• Sometimes that means bumping up our knowledge about assessing symptoms and looking at the collective picture
  • When do you call in palliative care?
    • If the patient’s situation is very complex, their symptoms aren’t being managed the best, or if it is a family that is completely not handling the situation, it may be better to bring the specialist in.
  • Don’t think that starting palliative care means you are stopping curative care.
    • They can be addressed side by side.
    • Don’t think you have to make a choice.
    • Curative care might not be enough for some patients. If they approach the end of their life, the balance of care changes from more curative and palliative to more palliative care.

Nurse and Surgeon Communication

An example of when a nurse can offer education and use good communication.

  • What does the nurse mean by “can we call palliative”?
    • Know the difference between primary and consulting palliative care.
  • Example: a patient is having a lot of trouble with symptoms. The nurse could say to the surgeon, “I’m thinking that maybe this is a patient that is good for palliative care,” to bring the palliative care team in. The surgeon says, “my patient isn’t dying.”
    • Then the nurse would say, “Alright. But here is the situation. The pain is ___, and I know you don’t have all the time in the world to be addressing all these issues. I know the palliative care service does a great job with symptoms. Do you think we could call them in, to help manage the patient’s symptoms?”
  • Show respect to the surgeon with the NURSE process –
    • Naming – “I know that you are very busy.”
    • Understand – “You are in surgery now and can’t come down.”
    • Respect – “I really respect your expertise”
    • Support – “Can we get some support, not just for you but for the patient, through calling the palliative care service?”
    • Explore – “Can you tell me a little bit more about your thoughts now?”

How to let the family know about palliative care without making them think about hospice and dying.

These are tips for the brand new nurse that has to speak to the family about palliative care without making them worry about hospice and dying.

  • You might start out by just asking some questions:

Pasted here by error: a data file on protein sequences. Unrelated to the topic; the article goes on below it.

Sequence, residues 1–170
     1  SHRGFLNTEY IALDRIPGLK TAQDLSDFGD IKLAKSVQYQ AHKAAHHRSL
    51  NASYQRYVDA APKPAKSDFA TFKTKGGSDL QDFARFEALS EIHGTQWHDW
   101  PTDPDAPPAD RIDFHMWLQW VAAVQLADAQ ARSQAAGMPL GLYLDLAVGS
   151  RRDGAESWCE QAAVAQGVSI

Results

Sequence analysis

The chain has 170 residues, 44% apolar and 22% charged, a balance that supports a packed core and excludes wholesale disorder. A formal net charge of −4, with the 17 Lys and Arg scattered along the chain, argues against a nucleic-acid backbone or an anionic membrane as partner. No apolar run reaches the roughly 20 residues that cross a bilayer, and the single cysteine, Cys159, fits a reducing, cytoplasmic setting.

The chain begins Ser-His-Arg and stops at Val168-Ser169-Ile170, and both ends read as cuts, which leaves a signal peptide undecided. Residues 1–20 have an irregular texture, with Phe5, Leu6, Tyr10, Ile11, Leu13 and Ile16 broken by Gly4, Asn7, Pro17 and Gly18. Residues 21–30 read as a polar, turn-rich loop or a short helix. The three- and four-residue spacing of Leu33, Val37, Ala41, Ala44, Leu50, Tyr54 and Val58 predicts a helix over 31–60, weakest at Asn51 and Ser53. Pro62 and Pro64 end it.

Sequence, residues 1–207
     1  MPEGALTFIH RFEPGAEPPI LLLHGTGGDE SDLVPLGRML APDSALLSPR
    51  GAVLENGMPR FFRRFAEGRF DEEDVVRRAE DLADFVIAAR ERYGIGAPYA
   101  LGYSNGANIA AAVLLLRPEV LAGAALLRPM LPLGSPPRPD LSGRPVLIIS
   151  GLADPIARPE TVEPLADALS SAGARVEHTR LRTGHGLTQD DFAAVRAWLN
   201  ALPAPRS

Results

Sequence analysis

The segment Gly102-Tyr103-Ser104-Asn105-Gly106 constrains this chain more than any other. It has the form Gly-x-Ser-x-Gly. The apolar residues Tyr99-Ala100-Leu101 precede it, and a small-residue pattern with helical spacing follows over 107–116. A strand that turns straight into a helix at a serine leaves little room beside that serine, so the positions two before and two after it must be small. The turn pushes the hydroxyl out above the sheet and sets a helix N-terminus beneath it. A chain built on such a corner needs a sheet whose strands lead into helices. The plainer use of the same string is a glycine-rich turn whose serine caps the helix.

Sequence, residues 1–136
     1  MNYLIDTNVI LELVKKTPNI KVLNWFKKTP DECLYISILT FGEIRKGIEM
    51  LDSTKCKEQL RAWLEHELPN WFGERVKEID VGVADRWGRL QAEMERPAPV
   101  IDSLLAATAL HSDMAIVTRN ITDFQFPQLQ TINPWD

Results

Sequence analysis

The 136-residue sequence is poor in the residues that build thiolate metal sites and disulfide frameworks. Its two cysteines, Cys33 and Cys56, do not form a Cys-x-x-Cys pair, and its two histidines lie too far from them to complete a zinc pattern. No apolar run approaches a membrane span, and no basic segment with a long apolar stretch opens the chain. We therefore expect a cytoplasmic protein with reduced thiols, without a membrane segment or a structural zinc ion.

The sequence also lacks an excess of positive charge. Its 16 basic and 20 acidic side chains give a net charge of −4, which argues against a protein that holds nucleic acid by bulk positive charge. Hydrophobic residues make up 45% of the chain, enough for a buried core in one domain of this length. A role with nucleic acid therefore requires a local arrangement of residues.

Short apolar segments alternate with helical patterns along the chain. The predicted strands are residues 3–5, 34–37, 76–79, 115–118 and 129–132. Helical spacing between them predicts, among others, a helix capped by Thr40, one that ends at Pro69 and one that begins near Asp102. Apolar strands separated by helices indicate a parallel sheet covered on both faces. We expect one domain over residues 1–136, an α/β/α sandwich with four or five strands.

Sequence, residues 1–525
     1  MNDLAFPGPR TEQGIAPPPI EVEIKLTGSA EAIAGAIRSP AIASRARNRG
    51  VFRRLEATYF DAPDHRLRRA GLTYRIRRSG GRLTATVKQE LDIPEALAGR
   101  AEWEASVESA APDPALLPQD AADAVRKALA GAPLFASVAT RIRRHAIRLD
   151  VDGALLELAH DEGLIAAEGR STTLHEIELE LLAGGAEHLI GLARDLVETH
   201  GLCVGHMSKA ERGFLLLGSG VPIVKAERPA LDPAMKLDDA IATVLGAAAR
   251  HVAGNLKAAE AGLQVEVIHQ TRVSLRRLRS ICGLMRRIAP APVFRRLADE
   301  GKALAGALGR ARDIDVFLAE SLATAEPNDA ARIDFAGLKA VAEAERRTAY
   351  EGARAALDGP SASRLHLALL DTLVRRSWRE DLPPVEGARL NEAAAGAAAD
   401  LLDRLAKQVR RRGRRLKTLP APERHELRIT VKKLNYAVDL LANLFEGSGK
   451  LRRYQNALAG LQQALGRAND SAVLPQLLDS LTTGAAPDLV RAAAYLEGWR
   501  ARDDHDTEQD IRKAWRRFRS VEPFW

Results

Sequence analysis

• Find out where they are what their understanding is of the situation.
  • Try and gauge where they are at and what their understanding of the patient’s condition is.
  • Listen to them describe it and notice the gaps in understanding or if they describe it incorrectly.
  • Another communication skill
    • Ask – what is your understanding of what is happening?
    • Tell – these are some of the things I am worried about and things the physician has said to you
    • Ask – does this make sense to you? How are you feeling now?
  • Communication is a procedure. You can learn and have a toolbox of communication skills you can use.
  • You are there to support the family.
  • Family meetings should always include a nurse. You don’t need an invitation. This is your patient. When you are there, you know what is being said, you can provide support to the family.
  • Explaining palliative care to the family could be tricky.
    • You may not need to use the word “palliative” in the beginning.
    • You might say, “it seems like we could use some help here. We have some people here that might be helpful to you.”
    • When you feel the time is right you can explain what the palliative care service does. They are really good at symptom management, etc.
  • The better your knowledge base is, the more you can advocate for your patients.

More Resources on Palliative Care:

Picture of Kati Kleber, founder of FRESHRN

Hi, I’m Kati.

Kati Kleber, MSN RN is a nurse educator, author, national speaker, host of the FreshRN® Podcast, and owner of FreshRN® – an online platform created to educate, encourage, and motivate newly licensed nurses in innovative ways.

Connect with her on YouTube, Pinterest, TikTok, Instagram, and Facebook, and sign-up for her free email newsletter for new nurses.